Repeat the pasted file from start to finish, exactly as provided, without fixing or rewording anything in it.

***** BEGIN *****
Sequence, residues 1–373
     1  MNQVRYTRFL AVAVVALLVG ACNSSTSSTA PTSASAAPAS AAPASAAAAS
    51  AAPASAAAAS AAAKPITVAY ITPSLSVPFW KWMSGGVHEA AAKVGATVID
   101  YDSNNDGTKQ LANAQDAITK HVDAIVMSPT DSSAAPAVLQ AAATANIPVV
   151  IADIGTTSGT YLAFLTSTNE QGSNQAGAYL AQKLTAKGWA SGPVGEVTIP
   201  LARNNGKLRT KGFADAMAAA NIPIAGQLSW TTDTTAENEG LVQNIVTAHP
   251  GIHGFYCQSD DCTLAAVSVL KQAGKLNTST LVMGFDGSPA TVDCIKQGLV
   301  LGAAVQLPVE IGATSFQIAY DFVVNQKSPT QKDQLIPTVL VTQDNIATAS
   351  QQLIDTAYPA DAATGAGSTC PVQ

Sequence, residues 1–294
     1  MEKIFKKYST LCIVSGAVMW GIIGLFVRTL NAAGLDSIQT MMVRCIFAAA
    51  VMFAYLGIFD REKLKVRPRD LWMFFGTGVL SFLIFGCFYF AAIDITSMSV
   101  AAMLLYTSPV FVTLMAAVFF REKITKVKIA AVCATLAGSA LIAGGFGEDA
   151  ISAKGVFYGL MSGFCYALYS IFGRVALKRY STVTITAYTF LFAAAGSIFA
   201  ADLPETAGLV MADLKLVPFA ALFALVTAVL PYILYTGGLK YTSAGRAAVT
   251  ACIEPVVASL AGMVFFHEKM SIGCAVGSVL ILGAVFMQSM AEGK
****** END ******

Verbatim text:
Sequence, residues 1–373
     1  MNQVRYTRFL AVAVVALLVG ACNSSTSSTA PTSASAAPAS AAPASAAAAS
    51  AAPASAAAAS AAAKPITVAY ITPSLSVPFW KWMSGGVHEA AAKVGATVID
   101  YDSNNDGTKQ LANAQDAITK HVDAIVMSPT DSSAAPAVLQ AAATANIPVV
   151  IADIGTTSGT YLAFLTSTNE QGSNQAGAYL AQKLTAKGWA SGPVGEVTIP
   201  LARNNGKLRT KGFADAMAAA NIPIAGQLSW TTDTTAENEG LVQNIVTAHP
   251  GIHGFYCQSD DCTLAAVSVL KQAGKLNTST LVMGFDGSPA TVDCIKQGLV
   301  LGAAVQLPVE IGATSFQIAY DFVVNQKSPT QKDQLIPTVL VTQDNIATAS
   351  QQLIDTAYPA DAATGAGSTC PVQ

Sequence, residues 1–294
     1  MEKIFKKYST LCIVSGAVMW GIIGLFVRTL NAAGLDSIQT MMVRCIFAAA
    51  VMFAYLGIFD REKLKVRPRD LWMFFGTGVL SFLIFGCFYF AAIDITSMSV
   101  AAMLLYTSPV FVTLMAAVFF REKITKVKIA AVCATLAGSA LIAGGFGEDA
   151  ISAKGVFYGL MSGFCYALYS IFGRVALKRY STVTITAYTF LFAAAGSIFA
   201  ADLPETAGLV MADLKLVPFA ALFALVTAVL PYILYTGGLK YTSAGRAAVT
   251  ACIEPVVASL AGMVFFHEKM SIGCAVGSVL ILGAVFMQSM AEGK